A dual flush toilet is a toilet that offers its users two different options when flushing the toilet. The first option is suggested when there is only liquid waste to be flushed. The second option, which provides an increase in the amount of water supplied, is used when solid waste needs to be removed.
In this article, the origins of the dual flush toilet will be explained as well as how this toilet developed over the years as newer technologies were developed. We will discuss the advantages of a dual flush toilet and its water-saving features and learn about the common issues these toilets face and why they are not a good choice for everyone.
Origins Of Dual Flush Toilets
In 1980, an employee of Caroma, a manufacturer of plastics for plumbing and bathroom products, developed the first dual-flush toilet. Bruce Thompson’s impetus for the design was a severe drought plaguing Australia which was already the driest inhabitable continent on the planet. In an effort to reduce water usage, he came up with a toilet that had two flush options: one using far less water to flush solid waste and a second using even a lesser amount of water for liquid waste.
Prior to 1980, a standard toilet used between 3.5 to 7 gallons per flush (GPF) but this changed when the Environmental Protection Agency (EPA), in an attempt to reduce water usage, limited the number of gallons per flush to 1.6. Many toilets are still in use today complying with that limit.
The EPA’s standard for high-efficiency toilets with a low flush is now 1.28 and any toilet meeting this water usage or lower has a WaterSense rating. This rating’s purpose is to make it easy for consumers to recognize products that conserve water. Toilets in this category save the average family approximately 13,000 gallons of water per year. That is a substantial savings!
Dual flush toilets. Also referred to as half-flush toilets, combine a single high-volume flush button using 1.6 GPF with a second low-volume flush using just 1.1 GPF. Some even flush as low as 0.8 gallons per flush.
Advantages Of A Modern Toilet
The main attraction of dual flush toilets is their ability to use less water. Water-restrictive states such as Texas, California, Georgia, and Colorado now have regulations that limit the amount of water per flush to not exceed 1.28 GPF. Conserving water makes a dual flush toilet environmentally friendly with cost savings and lower water bills a plus.
Featuring two flush options provides versatility and improved plumbing efficiency and a dual flush mechanism can be retrofitted so outdated fixtures can be updated without needing to replace the entire fixture.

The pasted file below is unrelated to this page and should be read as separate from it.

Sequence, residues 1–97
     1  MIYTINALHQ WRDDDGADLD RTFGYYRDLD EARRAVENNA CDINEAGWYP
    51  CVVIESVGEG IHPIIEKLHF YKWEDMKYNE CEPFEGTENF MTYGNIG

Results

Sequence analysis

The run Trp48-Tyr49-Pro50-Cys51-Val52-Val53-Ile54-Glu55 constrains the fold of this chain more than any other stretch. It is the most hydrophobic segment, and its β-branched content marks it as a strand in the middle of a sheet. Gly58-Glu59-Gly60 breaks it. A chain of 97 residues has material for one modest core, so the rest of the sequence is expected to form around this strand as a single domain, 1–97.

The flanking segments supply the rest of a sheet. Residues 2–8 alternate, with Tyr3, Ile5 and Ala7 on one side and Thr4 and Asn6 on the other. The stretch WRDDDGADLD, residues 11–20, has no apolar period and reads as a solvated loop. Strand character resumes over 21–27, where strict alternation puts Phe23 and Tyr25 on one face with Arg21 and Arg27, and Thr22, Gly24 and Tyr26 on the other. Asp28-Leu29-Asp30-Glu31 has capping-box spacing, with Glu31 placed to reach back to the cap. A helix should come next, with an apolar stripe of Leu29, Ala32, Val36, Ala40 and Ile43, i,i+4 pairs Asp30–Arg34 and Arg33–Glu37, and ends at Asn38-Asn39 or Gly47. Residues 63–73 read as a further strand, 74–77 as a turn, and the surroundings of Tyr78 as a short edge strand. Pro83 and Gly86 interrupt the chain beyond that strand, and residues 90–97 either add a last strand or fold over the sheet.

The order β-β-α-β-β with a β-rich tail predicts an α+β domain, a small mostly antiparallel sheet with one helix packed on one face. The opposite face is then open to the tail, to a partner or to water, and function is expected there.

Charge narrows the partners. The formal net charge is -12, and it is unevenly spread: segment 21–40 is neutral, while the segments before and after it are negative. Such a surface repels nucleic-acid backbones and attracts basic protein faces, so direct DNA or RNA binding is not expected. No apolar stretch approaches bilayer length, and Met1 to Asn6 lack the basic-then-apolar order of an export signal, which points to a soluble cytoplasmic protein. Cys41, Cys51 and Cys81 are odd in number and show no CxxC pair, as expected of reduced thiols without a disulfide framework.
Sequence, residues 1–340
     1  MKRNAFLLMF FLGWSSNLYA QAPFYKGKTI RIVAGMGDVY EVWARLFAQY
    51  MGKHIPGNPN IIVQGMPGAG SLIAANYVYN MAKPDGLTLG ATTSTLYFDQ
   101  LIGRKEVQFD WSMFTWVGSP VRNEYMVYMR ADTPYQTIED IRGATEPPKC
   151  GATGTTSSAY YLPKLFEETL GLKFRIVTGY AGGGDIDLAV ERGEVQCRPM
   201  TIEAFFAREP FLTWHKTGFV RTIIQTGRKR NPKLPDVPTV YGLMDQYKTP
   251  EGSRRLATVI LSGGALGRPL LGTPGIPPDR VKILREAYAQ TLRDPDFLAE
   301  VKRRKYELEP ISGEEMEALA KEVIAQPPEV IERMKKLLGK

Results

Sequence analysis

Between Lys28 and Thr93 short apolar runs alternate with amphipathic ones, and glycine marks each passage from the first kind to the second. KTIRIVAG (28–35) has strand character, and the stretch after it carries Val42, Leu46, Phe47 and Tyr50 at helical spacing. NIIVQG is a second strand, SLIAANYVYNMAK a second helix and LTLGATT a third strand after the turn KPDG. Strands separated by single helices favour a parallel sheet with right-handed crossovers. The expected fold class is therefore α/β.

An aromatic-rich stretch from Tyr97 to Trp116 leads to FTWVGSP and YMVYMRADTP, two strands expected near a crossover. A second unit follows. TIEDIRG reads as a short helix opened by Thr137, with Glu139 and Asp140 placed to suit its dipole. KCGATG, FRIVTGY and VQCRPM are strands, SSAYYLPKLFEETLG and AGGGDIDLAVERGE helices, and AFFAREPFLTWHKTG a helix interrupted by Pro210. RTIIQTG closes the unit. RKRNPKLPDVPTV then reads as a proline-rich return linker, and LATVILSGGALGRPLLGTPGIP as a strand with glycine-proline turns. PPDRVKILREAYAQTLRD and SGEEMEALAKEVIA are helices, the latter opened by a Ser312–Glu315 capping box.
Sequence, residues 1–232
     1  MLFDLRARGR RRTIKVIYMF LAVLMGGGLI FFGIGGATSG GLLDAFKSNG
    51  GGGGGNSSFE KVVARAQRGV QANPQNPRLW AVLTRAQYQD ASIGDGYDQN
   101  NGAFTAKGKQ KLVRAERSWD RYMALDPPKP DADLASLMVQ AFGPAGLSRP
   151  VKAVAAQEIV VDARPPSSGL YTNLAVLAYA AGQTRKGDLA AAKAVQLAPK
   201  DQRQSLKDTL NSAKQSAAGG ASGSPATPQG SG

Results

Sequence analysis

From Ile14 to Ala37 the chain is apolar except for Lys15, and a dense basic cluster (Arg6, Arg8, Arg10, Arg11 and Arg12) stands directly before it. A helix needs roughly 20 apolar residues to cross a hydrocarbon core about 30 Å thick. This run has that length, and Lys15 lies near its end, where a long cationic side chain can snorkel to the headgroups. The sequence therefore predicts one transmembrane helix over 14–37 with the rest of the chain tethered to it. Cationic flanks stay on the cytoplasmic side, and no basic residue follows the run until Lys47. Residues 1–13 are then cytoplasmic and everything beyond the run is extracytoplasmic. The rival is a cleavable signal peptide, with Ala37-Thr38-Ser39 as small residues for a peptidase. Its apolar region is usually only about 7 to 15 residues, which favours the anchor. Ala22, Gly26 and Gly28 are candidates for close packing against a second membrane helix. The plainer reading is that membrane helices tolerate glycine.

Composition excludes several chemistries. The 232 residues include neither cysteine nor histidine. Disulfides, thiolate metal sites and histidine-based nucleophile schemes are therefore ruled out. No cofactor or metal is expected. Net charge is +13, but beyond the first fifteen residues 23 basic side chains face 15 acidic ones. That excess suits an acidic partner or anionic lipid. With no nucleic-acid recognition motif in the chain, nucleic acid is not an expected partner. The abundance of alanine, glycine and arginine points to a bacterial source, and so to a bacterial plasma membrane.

Another advantage is dual flush toilets come in one and two-piece options as well as a wall-mounted model with its components completely out of view as they are buried behind the back wall. Cleanliness is improved with the modern wall mount toilets as the area under the toilet is easy to reach.
Disadvantages Of Dual Flush Commodes
Although few in number there are a few disadvantages to a dual flush toilet. First, the instructions on which button is paired with which type of flush you need can be confusing. Oftentimes a low flush is accidentally selected for solid waste which then requires a second flush. This immediately defeats the water-saving aspect of this toilet.
Dual flush mechanisms can be more difficult to repair than a standard single-flush toilet and may lead to more costly repairs as the toilet ages.
Less water during the flush equates to less water cleaning the bowl so often times the dual flush toilet will require more frequent cleanings to keep the toilet looking fresh.
Looking For Toilet Replacement In Orange County?
A dual flush toilet is a great way to reduce water waste while still providing a strong method of disposing of human waste products. They contribute to cutting an average family’s water usage by 30% and offer versatility in choosing what type of flush is needed. Dual flush toilets are great for the environment and just as great for our heavily burdened pocketbooks. We highly recommend dual-flush toilets to our customers and we encourage you to consider switching from a single-flush toilet to a more efficient dual-flush toilet.
Contact our team today to schedule a consultation!